What’s New This Quarter
New York City’s technology community is as strong as ever in 2015, claims Mike Fitzgerald, a partner at WinterWyman Search’s New York tech practice: “The local startup community continues to expand, and employment opportunities are flourishing for technologists, particularly in the software-engineering verticals.”
Over the past three years, Fitzgerald added, many notable West Coast technology leaders (including Twitter, LinkedIn, Facebook, and Amazon) have shown up in New York City, offering ample engineering opportunities and some of the most aggressive compensation packages around.
Google’s New York City operation, for example, has more than doubled in size since 2009; the search-engine giant now boasts more than 4,000 employees, roughly half of which are software engineers. This kind of growth is helping offset the loss of similar tech jobs in the financial sector. According to the Wall Street Journal, jobs in computer systems design and related services were up 47 percent to 65,100 in September 2014 from 44,200 in September 2009.
Where will the next round of new hires be working? The list keeps growing:
- Amazon has taken over 470,000 square feet at 7 West 34th Street, with tax credits that compel it to hire at least 500 people locally. Whether or not the company will actually open a retail store (as has been rumored) remains unknown, but during the holidays it did experiment with one-hour delivery of small items from the location.
- YouTube’s new New York facility is part production facility, part laboratory, and part teaching center. The idea is to provide the tools and the consulting that New York’s media and advertising communities need to maximize the platform. At the “BrandLab,” marketers will have the chance to meet and work with video creators, creating innovative ad hoc campaigns quickly.
- MasterCard has opened a New York Technology Hub for its product and technology teams to enable rapid prototyping and to bring digital payments products to market. Located just off Union Square, it features an open floor plan with space for over 200 employees.
- Salesforce.com, the San Francisco-based cloud computing company, is moving in at Hudson Square, expanding its New York presence significantly.
- BuzzFeed has signed a lease at 225 Park Avenue South and will create 475 jobs in the neighborhood in exchange for state tax incentives.
- Samsung is also angling toward establishing a huge beachhead in Manhattan, looking for up to 1 million square feet of office space that could hold between 5,000 and 7,000 employees.
As all that techie activity continues, Wall Street is trying to up its recruiting game. “The financial-services companies used to dominate New York,” said Adam Bilinski, regional managing director of New York and New Jersey for recruiting firm Randstad Technologies. “They had their choice of the best and brightest talent, but it’s becoming increasingly more difficult to recruit. More candidates prefer to work at tech companies these days, so the successful banks have adapted to act more like tech companies while still maintaining the strict compliance standards needed in financial services.”
One example is Goldman Sachs, which has been trying to convince potential recruits that Wall Street, not Silicon Valley, is the place to be for computer scientists. While not as buzzy as a Silicon Valley startup, a successful Wall Street bank can be an exciting place for a technologist to work. In fact, the number of high-level programmers at Goldman has risen 43 percent, to 1,223 employees, since 2009. The overall technology division is now the largest division at the company, with 8,000 of the firm’s 32,000 employees. Out of 78 people named new Goldman partners last fall, six were software engineers.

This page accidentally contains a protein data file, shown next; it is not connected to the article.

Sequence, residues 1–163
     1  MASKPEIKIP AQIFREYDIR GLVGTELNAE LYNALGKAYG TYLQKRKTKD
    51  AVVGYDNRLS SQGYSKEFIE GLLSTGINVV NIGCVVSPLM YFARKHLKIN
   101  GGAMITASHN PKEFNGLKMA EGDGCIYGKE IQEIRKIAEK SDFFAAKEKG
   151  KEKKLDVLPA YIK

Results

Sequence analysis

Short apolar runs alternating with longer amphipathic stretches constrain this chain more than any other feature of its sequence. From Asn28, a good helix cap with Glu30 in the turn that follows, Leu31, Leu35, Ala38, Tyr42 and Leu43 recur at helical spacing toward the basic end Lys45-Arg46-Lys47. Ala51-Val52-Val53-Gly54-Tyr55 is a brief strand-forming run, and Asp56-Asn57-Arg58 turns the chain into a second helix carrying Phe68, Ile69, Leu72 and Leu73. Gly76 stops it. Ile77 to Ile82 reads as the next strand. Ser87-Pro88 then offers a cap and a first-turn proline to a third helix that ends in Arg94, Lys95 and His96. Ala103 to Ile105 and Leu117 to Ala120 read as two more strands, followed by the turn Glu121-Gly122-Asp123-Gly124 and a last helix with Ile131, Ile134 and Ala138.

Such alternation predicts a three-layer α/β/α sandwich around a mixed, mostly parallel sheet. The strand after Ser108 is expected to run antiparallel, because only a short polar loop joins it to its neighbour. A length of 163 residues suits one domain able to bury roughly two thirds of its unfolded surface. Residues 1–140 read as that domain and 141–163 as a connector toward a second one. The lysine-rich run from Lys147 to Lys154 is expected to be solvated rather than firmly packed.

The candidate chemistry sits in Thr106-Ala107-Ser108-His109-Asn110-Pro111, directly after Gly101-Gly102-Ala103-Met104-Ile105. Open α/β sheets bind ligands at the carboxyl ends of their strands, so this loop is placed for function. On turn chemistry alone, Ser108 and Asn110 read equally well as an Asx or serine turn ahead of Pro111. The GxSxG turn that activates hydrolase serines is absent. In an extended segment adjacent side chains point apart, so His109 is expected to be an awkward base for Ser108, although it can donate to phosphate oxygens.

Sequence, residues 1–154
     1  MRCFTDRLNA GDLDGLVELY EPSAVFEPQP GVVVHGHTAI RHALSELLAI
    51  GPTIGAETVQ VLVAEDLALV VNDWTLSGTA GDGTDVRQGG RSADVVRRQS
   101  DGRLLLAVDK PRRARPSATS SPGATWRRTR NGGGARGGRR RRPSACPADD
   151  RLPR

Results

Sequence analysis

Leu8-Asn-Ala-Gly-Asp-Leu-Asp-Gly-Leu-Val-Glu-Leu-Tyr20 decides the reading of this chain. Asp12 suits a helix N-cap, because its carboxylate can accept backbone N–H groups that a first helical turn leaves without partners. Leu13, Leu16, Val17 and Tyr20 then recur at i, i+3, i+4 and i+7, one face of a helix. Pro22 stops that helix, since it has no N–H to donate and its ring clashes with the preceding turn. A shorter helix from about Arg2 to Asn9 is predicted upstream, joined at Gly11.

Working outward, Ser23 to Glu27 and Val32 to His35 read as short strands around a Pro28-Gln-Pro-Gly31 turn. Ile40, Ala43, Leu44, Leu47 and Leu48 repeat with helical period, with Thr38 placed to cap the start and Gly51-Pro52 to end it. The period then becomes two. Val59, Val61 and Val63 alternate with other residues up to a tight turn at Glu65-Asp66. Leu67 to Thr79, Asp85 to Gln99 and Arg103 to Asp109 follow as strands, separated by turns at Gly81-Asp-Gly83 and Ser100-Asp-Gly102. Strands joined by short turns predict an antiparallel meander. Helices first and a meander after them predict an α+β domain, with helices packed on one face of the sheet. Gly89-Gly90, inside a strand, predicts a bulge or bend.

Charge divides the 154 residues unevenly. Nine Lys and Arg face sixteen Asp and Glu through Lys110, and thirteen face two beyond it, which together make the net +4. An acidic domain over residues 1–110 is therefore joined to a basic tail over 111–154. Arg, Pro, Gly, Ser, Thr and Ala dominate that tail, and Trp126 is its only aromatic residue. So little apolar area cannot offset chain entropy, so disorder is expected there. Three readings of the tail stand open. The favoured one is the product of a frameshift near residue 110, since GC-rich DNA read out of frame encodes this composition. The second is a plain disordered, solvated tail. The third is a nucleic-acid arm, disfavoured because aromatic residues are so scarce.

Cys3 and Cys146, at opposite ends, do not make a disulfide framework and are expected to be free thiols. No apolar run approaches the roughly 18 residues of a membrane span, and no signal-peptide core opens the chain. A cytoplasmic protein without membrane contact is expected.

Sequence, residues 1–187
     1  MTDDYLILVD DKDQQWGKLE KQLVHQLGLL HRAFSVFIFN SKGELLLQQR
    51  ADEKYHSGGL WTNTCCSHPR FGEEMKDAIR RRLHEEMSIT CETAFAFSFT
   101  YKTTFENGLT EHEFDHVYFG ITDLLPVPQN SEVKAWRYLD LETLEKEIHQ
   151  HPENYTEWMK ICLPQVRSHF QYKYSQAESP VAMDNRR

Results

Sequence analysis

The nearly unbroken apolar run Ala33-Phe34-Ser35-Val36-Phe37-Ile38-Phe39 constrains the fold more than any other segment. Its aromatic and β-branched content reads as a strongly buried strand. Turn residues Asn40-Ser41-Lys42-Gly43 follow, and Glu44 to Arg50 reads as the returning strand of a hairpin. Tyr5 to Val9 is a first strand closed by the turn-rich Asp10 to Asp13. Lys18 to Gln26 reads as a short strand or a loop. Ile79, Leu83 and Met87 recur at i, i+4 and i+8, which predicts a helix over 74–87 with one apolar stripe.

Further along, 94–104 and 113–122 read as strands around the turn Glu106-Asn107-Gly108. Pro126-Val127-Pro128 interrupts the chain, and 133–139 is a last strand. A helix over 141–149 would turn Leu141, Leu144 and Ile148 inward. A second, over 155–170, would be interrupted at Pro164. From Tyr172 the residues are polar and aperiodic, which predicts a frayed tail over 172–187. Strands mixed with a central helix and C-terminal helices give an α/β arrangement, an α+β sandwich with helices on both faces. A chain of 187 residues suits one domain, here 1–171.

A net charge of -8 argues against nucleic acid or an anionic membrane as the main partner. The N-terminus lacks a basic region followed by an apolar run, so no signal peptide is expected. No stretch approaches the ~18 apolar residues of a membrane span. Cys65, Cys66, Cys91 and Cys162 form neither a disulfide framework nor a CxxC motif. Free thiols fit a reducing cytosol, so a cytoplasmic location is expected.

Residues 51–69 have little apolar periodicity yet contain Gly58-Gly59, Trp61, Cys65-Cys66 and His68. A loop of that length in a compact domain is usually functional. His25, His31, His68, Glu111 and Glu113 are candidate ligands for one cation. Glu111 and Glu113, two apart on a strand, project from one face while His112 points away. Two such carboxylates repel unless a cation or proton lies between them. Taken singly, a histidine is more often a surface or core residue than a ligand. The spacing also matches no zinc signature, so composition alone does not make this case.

No matter where you work in New York’s tech scene, be sure to bookmark the city’s new Digital.NYC site, which hopes to become the online hub for everything tech in New York, including venture capital, technology jobs, and incubators. Powered by IBM, it provides links to more than 6,000 startups.
Skills in Demand
According to Fitzgerald, software engineers and DevOps professionals are in demand, as are Python, Ruby, Node.js, and Java developers. “Mobile engineers in either the iOS or Android market are perhaps the most sought after candidates, but they are hard to recruit for full-time roles given the abundance of lucrative contracting opportunities they can find,” he said. “Additionally, the ‘data engineer’ title has cemented itself. Engineers building high-performance systems capable of analyzing massive amounts of real-time data command top salaries.”
“The results from our survey of New York CIOs offer encouragement for technology professionals,” said Tom Borghesi, New York district president of IT recruiting firm Robert Half Technology. “We have seen increasing demand for developers, network administration professionals, and engineers, as well as desktop support technicians, particularly in healthcare and the software space.”
Sixty-eight percent of New York technology executives surveyed by Robert Half Technology said both network administration and desktop support are among the skill sets in greatest demand within their IT departments. Windows administration and database management followed, with 65 percent and 58 percent of the response, respectively.
According to the 2014-2013 Dice Salary Survey, the average salary for a New York-based IT professional is $93,915, up 4.7 percent from the previous year and 6.9 percent above the national average of $87,811.
- Financial Services
- Telecom (specifically in New Jersey)
Local Employment and Research Resources
- New York Magazine/Business
- New York Technology Council
- Silicon Valley Powering New York City Job Market
- New York City Launches Digital.NYC for Tech Pros
- The Saddest Spots in New York City